Date: April 5, 2019
From: Bill Nelson
Subject: New BPI research on Banking Deserts and on LIBOR
I normally stick to monetary policy with this group, but BPI has recently published a couple of research notes – on banking deserts and on LIBOR – I thought you would find interesting. Free disposal.
Francisco Covas, Head of Research, just published a research note “Some Facts about Bank Branches and LMI Customers,” which can be found here. By combining the Summary of Deposits dataset from the FDIC with Census data, Francisco’s analyzed the level and trends of “banking deserts” as well as the availability of banking services to LMI and minority communities.
The results challenge many of the current views on these issues. In particular analysis of the data shows:
- The share of the U.S. population living in a banking desert – defined as a census tract without access to a branch– is quite low and has been about unchanged in the post-crisis period.
- LMI consumers are particularly well served by branches, with 99 percent of residents living in low-income areas and 96 percent of residents living in LMI areas covered by a branch. – In fact, residents living in LMI geographic areas are more likely to be served by a branch than residents living in middle- or high-income areas.
- Large banks serve considerably more low-income consumers than small banks. Large banks (those with total assets over $50 billion) serve 96 percent of the population living in low-income areas and 89 percent of the residents living in LMI areas. Indeed, the four largest U.S. banks serve 87 percent of low-income consumers, the same percentage as those served by all small banks combined. – Moreover, large banks grew their deposits in low-income, LMI and minority communities two times faster than small banks in the post-crisis period.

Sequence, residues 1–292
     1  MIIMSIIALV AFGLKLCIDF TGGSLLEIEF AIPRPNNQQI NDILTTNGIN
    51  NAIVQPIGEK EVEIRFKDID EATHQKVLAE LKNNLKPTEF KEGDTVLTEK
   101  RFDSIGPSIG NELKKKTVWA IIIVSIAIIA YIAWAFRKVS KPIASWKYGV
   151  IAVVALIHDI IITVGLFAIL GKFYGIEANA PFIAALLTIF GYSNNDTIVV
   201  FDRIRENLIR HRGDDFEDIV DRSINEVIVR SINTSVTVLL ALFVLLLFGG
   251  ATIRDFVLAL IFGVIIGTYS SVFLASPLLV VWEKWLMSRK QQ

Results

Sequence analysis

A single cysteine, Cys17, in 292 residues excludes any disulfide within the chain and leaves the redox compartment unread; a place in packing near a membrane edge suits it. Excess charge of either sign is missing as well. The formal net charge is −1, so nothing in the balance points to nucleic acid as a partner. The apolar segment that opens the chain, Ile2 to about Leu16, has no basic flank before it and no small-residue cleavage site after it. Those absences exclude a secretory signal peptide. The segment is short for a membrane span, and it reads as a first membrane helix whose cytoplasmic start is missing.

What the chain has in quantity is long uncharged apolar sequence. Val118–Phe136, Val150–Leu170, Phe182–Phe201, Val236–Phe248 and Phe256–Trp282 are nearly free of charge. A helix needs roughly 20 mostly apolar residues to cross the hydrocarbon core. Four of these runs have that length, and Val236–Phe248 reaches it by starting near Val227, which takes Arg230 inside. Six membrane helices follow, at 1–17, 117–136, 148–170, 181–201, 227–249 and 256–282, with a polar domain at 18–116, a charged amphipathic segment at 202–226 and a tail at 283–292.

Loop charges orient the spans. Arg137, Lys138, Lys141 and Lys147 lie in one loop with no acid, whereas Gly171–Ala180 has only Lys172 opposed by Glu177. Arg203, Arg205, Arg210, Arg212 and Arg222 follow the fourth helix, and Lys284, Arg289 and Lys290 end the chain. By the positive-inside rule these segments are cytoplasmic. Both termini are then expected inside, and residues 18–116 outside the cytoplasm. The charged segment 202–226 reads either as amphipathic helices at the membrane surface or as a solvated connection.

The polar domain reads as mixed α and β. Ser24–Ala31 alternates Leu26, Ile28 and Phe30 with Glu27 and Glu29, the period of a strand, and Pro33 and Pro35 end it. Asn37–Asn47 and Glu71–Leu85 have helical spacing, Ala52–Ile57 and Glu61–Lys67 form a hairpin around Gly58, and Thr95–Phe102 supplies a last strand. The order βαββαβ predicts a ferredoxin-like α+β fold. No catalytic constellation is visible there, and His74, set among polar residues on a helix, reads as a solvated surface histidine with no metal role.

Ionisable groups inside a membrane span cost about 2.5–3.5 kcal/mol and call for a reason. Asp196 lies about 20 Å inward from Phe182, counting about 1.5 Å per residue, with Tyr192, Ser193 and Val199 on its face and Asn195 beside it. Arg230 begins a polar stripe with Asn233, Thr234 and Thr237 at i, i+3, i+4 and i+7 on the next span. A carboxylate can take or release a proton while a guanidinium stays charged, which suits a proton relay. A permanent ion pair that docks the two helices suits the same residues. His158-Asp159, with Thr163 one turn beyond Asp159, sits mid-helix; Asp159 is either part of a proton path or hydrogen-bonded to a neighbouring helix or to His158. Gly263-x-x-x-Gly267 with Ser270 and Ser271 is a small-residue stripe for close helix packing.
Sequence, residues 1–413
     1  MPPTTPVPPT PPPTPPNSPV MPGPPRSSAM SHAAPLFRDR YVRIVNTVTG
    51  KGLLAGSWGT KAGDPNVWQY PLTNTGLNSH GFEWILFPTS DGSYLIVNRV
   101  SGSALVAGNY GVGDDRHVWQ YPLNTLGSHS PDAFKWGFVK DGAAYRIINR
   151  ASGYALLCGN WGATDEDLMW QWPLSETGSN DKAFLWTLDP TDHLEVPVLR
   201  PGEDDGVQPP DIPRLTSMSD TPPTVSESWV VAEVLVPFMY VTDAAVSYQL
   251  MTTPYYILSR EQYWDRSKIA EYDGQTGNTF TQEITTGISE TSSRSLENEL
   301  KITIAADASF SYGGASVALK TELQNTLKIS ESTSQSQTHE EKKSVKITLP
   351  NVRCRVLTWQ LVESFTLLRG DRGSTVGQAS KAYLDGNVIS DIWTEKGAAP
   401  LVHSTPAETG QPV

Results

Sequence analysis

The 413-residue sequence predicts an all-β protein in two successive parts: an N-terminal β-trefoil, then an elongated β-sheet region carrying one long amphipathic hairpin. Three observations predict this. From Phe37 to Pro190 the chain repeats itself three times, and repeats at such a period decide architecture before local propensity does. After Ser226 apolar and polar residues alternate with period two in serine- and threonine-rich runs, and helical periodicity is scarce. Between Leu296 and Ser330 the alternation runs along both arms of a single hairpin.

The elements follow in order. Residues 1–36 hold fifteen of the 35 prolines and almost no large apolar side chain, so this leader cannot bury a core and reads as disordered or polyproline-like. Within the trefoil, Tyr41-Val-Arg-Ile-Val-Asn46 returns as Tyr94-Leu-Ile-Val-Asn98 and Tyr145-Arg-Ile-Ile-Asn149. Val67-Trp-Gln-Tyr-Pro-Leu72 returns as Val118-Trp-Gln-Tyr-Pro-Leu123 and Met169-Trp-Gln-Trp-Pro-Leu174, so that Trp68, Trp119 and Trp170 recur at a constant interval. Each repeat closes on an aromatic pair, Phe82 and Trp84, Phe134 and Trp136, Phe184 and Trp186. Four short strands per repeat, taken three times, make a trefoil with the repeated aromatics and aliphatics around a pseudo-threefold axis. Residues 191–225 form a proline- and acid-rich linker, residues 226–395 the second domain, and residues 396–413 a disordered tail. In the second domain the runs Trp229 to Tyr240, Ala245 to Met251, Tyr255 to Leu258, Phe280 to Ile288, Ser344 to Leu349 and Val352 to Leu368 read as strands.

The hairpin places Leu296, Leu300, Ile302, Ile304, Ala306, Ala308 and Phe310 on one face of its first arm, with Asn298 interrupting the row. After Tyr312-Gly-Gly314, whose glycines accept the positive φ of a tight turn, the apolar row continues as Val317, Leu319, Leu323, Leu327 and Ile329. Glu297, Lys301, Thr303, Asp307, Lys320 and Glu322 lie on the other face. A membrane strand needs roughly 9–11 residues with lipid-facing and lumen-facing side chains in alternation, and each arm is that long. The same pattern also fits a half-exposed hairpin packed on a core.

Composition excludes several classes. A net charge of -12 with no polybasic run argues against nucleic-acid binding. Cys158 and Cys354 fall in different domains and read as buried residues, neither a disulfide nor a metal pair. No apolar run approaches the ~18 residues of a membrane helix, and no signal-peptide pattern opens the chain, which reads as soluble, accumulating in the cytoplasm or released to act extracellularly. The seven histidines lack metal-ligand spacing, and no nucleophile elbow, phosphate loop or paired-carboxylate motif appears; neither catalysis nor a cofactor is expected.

- More generally, the rate of “unbanked” households is currently at an all-time low, and the reduction in the number of branches has had very little impact on the access of the LMI population to banking services.
A few days ago, I published a note, “Why is LIBOR Being Replaced Rather Than Reformed?,” that can be found here. LIBOR was created in the 1960s to be a reference rate for bank loan rates that would be sensitive to bank funding costs. In the wake of the LIBOR manipulation scandals that broke in 2012, reform efforts concluded that there should be multiple reference rates, including rates that are sensitive to bank credit risk premiums so that banks can hedge their funding costs, and that ideally LIBOR should be reformed rather than replaced because of the much easier transition. Currently, however, we are on a path to replace LIBOR with SOFR, a benchmark based on repo rates that is not sensitive to bank credit risk premiums.
The note discusses the history of how we got from a plan to reform LIBOR to a plan with no bank-credit-sensitive benchmark. In a nutshell, the paucity of term unsecured bank borrowings make it hard to develop a transactions-based LIBOR, and the prospect of more banks dropping out of the panel has focused efforts on ensuring that there is at least one replacement available and plans in place for an orderly transition.
There remains significant demand, however, for a reformed LIBOR or similar benchmark for bank loan rates that would enable banks to charge interest rates that provide a natural hedge to their funding costs, allowing the banks to lend at lower rates. The note concludes with a discussion of some potential alternatives.
Disclaimer: The views expressed in this post are those of the author(s) and do not necessarily reflect the position of the Bank Policy Institute or its membership, and are not intended to be, and should not be construed as, legal advice of any kind.